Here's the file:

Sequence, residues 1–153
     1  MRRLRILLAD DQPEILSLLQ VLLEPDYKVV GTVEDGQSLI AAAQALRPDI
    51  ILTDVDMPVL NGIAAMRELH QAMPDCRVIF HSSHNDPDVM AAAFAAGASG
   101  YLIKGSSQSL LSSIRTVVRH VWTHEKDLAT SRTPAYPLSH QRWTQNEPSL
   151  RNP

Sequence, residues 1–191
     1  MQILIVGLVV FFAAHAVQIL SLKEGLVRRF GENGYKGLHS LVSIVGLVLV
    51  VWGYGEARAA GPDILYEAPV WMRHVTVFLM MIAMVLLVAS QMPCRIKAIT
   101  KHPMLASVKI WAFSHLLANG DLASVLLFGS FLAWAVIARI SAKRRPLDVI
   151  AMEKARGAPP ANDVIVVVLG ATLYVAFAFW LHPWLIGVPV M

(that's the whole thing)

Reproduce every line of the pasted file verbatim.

Sequence, residues 1–153
     1  MRRLRILLAD DQPEILSLLQ VLLEPDYKVV GTVEDGQSLI AAAQALRPDI
    51  ILTDVDMPVL NGIAAMRELH QAMPDCRVIF HSSHNDPDVM AAAFAAGASG
   101  YLIKGSSQSL LSSIRTVVRH VWTHEKDLAT SRTPAYPLSH QRWTQNEPSL
   151  RNP

Sequence, residues 1–191
     1  MQILIVGLVV FFAAHAVQIL SLKEGLVRRF GENGYKGLHS LVSIVGLVLV
    51  VWGYGEARAA GPDILYEAPV WMRHVTVFLM MIAMVLLVAS QMPCRIKAIT
   101  KHPMLASVKI WAFSHLLANG DLASVLLFGS FLAWAVIARI SAKRRPLDVI
   151  AMEKARGAPP ANDVIVVVLG ATLYVAFAFW LHPWLIGVPV M